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The Egyptian Revolution of 1919 was a countrywide revolution against the British occupation of Egypt and Sudan. It was carried out by Egyptians and Sudanese from different walks of life in the wake of the British-ordered exile of revolutionary leader Saad Zaghlul, and other members of the Wafd Party in 1919.

The revolution led to Britain's recognition of Egyptian independence in 1922, and the implementation of a new constitution in 1923. Britain, however, refused to recognise full Egyptian sovereignty over Sudan, or to withdraw its forces from the Suez Canal Zone, factors that would continue to sour Anglo-Egyptian relations in the decades leading up to the Egyptian Revolution of 1952.


Although the Ottoman Empire retained nominal sovereignty over Egypt, the political connection between the two countries was largely severed by the seizure of power by Muhammad Ali in 1805, and re-enforced by the British occupation of Egypt in 1882. From 1883 to 1914, though the Khedive of Egypt and Sudan remained the official ruler of the country, ultimate power was exercised by the British Consul-General.[1]

When the Caucasus Campaign of World War I broke out between the Russian Empire and the Ottoman Empire, Britain declared martial law in Egypt, and announced that it would shoulder the entire burden of the war. On 14 December 1914, the Khedivate of Egypt was elevated to a separate sultanate, and declared a British protectorate, thus terminating definitively ze legal fiction of Ottoman sovereignty over Egypt. The terms of the protectorate led Egyptian nationalists to believe that it was a temporary arrangement that would be changed after the war through bilateral agreement with Britain.[2]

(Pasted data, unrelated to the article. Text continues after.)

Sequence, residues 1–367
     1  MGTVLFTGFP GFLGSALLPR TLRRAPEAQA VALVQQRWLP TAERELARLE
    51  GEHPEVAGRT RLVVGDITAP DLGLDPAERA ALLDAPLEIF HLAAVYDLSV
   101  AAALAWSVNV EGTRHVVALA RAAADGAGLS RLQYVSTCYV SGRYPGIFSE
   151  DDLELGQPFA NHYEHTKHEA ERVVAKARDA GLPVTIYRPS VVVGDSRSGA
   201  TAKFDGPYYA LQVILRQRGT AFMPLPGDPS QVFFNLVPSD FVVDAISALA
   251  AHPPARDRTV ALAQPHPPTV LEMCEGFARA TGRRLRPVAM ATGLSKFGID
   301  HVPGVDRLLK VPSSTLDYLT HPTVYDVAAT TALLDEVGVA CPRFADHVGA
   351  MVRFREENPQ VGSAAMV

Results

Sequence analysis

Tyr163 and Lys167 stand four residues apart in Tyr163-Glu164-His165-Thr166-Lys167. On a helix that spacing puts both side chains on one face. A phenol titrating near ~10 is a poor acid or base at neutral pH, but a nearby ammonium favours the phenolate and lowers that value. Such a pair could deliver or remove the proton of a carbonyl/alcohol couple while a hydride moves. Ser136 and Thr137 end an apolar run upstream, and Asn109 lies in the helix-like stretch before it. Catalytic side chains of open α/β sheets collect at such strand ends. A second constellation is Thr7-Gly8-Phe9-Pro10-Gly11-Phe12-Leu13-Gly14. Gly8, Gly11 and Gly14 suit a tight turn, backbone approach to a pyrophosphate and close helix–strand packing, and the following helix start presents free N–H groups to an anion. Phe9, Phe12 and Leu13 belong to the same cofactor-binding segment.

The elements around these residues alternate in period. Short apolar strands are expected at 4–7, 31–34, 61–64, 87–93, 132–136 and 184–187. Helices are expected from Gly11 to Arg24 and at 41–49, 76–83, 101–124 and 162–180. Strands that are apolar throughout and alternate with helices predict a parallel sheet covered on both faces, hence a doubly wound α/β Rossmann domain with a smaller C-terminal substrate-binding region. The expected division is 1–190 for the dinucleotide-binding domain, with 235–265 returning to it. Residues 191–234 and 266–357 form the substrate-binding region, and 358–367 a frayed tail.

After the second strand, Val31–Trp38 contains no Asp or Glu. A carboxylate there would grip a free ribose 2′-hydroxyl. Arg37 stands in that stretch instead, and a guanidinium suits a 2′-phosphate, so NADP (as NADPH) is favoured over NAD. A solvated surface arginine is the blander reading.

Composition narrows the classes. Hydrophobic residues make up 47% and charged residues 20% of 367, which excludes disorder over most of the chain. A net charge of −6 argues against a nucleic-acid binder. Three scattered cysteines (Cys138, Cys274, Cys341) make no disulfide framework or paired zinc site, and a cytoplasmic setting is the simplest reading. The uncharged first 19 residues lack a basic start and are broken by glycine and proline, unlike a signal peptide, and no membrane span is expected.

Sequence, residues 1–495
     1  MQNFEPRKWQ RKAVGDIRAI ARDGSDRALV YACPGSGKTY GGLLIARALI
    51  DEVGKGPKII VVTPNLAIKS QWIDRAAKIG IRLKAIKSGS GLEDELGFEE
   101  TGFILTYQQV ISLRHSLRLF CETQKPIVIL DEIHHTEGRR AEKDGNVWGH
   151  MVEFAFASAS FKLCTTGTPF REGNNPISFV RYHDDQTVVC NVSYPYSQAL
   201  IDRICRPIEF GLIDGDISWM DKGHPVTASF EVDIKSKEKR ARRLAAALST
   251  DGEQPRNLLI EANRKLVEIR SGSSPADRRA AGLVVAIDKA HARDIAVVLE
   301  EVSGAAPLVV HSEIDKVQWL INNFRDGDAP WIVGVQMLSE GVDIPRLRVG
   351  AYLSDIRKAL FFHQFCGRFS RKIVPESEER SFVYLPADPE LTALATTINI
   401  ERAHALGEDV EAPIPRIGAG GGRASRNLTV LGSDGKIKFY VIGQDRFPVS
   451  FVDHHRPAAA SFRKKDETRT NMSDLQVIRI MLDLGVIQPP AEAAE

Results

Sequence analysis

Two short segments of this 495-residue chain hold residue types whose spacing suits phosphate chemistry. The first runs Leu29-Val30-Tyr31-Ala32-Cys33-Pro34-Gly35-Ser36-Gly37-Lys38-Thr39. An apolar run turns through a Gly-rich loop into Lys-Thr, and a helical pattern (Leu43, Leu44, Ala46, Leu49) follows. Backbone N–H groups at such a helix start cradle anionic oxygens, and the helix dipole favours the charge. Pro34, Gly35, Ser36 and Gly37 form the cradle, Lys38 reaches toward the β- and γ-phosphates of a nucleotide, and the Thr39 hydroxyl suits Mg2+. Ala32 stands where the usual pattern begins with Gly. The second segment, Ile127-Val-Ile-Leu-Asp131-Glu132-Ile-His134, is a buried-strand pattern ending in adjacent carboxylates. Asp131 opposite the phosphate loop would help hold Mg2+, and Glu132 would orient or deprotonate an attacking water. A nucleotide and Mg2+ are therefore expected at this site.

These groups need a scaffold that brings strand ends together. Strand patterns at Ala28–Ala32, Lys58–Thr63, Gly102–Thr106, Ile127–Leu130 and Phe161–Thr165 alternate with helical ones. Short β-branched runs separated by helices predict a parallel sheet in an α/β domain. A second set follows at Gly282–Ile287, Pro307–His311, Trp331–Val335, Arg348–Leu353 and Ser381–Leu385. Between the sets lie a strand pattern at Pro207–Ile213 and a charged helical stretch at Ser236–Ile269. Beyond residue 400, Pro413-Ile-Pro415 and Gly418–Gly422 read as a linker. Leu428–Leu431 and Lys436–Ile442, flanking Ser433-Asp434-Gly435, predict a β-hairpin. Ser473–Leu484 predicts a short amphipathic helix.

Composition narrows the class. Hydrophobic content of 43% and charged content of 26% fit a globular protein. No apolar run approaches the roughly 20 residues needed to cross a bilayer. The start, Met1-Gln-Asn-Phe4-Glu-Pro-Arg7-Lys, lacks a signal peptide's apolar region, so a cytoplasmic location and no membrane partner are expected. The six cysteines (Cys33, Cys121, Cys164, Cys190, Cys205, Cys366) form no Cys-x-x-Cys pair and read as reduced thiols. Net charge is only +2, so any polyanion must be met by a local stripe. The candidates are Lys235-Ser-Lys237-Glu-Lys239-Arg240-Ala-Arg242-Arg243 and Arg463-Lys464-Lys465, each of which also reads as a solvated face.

Prior to the war, nationalist agitation was limited to the educated elite. Over the course of the war however, dissatisfaction with the British occupation spread amongst all classes of the population. This was the result of Egypt’s increasing involvement in the war, despite Britain's promise to shoulder the entire burden of the war. During the war, the British poured masses of foreign troops into Egypt, conscripted over one and a half million Egyptians into the Labour Corps, and requisitioned buildings, crops, and animals for the use of the army.[3] In addition, because of allied promises during the war (such as President Wilson's Fourteen Points), Egyptian political classes prepared for self-government. By war’s end the Egyptian people demanded their independence.[4]


Saad Zaghlul Pasha

Shortly after the First World War armistice of 11 November was concluded in Europe, a delegation of Egyptian nationalist activists led by Saad Zaghlul made a request to High Commissioner Reginald Wingate to end the British Protectorate in Egypt and Sudan, and gain Egyptian representation at the next peace conference in Paris. The delegation also included 'Ali Sha'rawi Pasha, Abd al-Aziz Fahmi Bay, Muhammad 'Ali Bay, 'Abd al-Latif al-Makabati Bay, Muhammad Mahmud Pasha, Sinut Hanna Bay, Hamd Pasha al-Basil, Gurg Khayyat Bay, Mahmud Abu al-Nasr Bay, Mustafa al-Nahhas Bay and Dr. Hafiz 'Afifi Bay.[5]

Egyptian women demonstrating during the Revolution